Photogrammetry is the one of the most widely and technically accepted means for creating maps. Utilizing a camera mounted on an airplane that is pointed towards the ground, operators take multiple overlapping photos. These photographs are then aligned and processed together into a seamless image, often called an orthophoto or orthomosaic, which have been shown to be incredibly accurate and cost-effective. New photogrammetric methods also allow for the creation of elevation models in addition to the orthophoto, allowing for more data to be generated from the same data set.
One of the biggest changes in photogrammetry is the ability to quickly and cost-effectively generate dense 3D models of large areas. This can be used in all sorts of applications, but some of the most exciting are cinematic special effects and video game environment creation. The ability to quickly acquire and generate a 3D model and allow it to be imported for animation/cinema, greatly increases the ability and speed in creating virtual worlds and digital scenes.
While it may look like a single image, an orthophoto is a mosaic of multiple images, often hundreds or thousands of distinct images, that are combined and orthorectified (correcting for distortions that are inherent in photographs). The primary distortion in non-orthorectified images is relief displacement, most commonly seen as building tilt.
As seen in the image below, the data set on the right does not correct for relief displacement (building tilt) like the data set on the left. While it may seem superficial, the accuracy of the underlying map could be seriously impacted if these distortions are left uncorrected, as drastic elevation changes in the terrain can lead to inconsistencies in the map.
One of the major advancements in photography has been the improved optics and clarity in lenses. As the cameras pack in more megapixels, the main bottleneck is often the lens, as older lenses weren't designed for the increasingly high demands of today's high-megapixel cameras. These technological advances come to general photography at a much faster rate than specialty applications like photogrammetry, which requires very specific metric lenses. The ability to incorporate these newer non-metric lenses into photogrammetry, which has been enabled by new technologies, has allowed for these new, incredibly sharp non-metric lenses to be used to capture photogrammetric data sets with great results.
But why is this important?
The two samples below are of identical specifications, both are 3-inch (7.5cm) ground sample distance (GSD). The difference in the level of detail is very noticeable, however, as there is much more detail available in the image on the left versus the image on the right. This is due to the improved optics in the lens used. The lens on the right is a metric lens that has historically been used for mapping applications, while the lens on the left is a very clear prime lens used in general photography.
With the ever-increasing advances in technology, it was inevitable that the field of photogrammetry would ultimately benefit. One of the new methods that has been very exciting is called Surface-from-Motion (SFM), which calculates the movement of pixels between successive images and is able to generate a 3D model. This detailed 3D model is used to help create a true orthophoto, correcting for relief displacement and other artifacts during the creation process. There are multiple benefits to this method, but the primary one is that it allows 3D data to be extracted from existing data sets, eliminating the need for multiple flights. This 3D data has a multitude of uses, such as allowing for the creation of digital terrain models (DTM), contour lines, or generating a digital model of a structure for use in animation or film.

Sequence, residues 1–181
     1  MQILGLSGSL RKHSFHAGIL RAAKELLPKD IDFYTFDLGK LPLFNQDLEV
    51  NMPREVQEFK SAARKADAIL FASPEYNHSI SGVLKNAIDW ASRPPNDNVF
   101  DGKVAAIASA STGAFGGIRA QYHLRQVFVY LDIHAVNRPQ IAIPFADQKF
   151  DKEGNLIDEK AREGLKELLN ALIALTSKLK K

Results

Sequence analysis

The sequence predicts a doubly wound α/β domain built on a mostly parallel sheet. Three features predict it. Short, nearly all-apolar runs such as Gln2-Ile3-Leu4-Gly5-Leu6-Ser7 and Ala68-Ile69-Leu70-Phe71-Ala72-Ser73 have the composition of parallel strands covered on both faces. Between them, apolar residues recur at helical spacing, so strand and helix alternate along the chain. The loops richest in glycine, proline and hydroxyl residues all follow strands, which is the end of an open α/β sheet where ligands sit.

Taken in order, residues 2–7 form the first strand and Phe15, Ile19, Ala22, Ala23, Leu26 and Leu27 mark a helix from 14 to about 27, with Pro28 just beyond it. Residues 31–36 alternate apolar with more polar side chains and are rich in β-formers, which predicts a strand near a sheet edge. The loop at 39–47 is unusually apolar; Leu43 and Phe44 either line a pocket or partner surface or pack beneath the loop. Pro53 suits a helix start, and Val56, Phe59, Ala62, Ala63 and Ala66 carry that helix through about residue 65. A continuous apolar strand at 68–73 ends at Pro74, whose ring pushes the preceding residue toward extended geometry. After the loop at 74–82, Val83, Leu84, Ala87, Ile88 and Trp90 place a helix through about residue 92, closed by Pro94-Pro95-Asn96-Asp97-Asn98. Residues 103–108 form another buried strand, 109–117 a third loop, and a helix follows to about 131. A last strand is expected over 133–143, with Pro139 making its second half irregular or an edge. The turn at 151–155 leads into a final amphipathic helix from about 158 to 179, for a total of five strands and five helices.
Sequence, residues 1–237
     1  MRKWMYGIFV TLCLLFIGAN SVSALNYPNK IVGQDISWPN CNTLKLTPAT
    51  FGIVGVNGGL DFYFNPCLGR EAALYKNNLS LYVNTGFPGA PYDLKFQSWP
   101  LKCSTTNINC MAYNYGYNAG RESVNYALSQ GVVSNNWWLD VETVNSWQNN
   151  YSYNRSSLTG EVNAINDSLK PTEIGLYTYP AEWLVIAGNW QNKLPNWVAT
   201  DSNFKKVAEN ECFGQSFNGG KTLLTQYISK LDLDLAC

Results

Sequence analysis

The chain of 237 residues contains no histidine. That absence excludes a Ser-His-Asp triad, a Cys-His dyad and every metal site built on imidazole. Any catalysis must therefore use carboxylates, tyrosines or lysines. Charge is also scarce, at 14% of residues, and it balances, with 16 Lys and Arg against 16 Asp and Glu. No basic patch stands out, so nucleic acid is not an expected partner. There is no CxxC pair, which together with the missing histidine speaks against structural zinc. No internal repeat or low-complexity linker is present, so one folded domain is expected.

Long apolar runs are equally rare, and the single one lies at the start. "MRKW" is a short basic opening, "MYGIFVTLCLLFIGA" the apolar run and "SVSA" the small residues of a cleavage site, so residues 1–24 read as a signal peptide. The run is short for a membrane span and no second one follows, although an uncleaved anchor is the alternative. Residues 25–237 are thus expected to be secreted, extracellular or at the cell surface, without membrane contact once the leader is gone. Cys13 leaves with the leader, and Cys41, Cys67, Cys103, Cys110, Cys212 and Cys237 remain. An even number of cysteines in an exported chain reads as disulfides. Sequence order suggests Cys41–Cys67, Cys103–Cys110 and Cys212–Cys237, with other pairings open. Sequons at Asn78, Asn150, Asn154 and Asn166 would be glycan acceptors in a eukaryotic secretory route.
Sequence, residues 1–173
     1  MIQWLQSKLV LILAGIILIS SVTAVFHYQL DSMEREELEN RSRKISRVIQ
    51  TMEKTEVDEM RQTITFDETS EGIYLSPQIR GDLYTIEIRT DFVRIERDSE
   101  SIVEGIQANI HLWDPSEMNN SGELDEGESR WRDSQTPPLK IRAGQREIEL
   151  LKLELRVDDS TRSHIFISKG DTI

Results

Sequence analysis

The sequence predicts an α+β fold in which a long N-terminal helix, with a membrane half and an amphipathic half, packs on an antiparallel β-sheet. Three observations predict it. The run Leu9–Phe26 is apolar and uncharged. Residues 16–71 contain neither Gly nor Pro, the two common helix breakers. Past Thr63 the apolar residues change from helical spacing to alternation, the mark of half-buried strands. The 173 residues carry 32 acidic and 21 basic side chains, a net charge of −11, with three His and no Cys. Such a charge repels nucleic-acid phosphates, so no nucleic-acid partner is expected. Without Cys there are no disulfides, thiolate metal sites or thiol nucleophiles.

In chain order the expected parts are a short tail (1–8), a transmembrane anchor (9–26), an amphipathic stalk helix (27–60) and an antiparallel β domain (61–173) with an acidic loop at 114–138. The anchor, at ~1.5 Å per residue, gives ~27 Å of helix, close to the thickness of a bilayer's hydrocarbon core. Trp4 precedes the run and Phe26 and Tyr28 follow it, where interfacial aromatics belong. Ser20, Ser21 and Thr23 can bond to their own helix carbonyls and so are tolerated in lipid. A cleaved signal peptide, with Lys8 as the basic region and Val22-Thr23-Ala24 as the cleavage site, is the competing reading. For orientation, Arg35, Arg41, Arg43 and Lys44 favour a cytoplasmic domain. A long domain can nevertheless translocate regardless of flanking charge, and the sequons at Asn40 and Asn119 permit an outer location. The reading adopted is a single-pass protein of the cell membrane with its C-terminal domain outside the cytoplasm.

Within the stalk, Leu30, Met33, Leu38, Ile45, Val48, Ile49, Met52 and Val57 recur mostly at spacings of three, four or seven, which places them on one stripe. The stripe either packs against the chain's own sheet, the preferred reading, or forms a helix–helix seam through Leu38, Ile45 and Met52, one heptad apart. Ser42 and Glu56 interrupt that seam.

In a point cloud, each pixel is represented with a color value and x, y, and z coordinate, which are combined to create a 3D representation of the project area. While the 3D point cloud may appear more detailed while zoomed out, zooming in reveals the spaces between points. The varying attributes of each point in a point cloud can be categorized and filtered in a variety of different ways, for example, allowing for the vegetation or structures to be toggled on/off, making the point cloud an incredibly robust tool for a variety of real-world applications.
Stereophotogrammetry, the traditional method used to calculate 3D coordinates from two or more photographs, is supercharged by Multi-Viewpoint Stereo (MVS) which allows for a Surface-From-Motion system to create very dense point clouds. Historically, the use of stereo pairs (two photographs with high overlap taken from almost the same location) allowed an operator to manually draw contours and break lines. The MVS method allows the computer to calculate the position of each pixel by first determining a precise camera position and then analyzing how much each pixel moves between successive images. The more a pixel moves between successive photographs in relation to the rest of the pixels in the image, the higher that pixel is. These pixel calculations are used in the generation of a point cloud, which benefits from the much more detailed elevation data (in comparison to contours) and the automation of the process.
The 3D Point Cloud can be processed to create a variety of Digital Elevation Models (DEMs), such as a Digital Surface Model (DSM), which includes natural and built features on the earth's surface, or a Digital Terrain Model (DTM), which filters out any additional features and represents bare earth.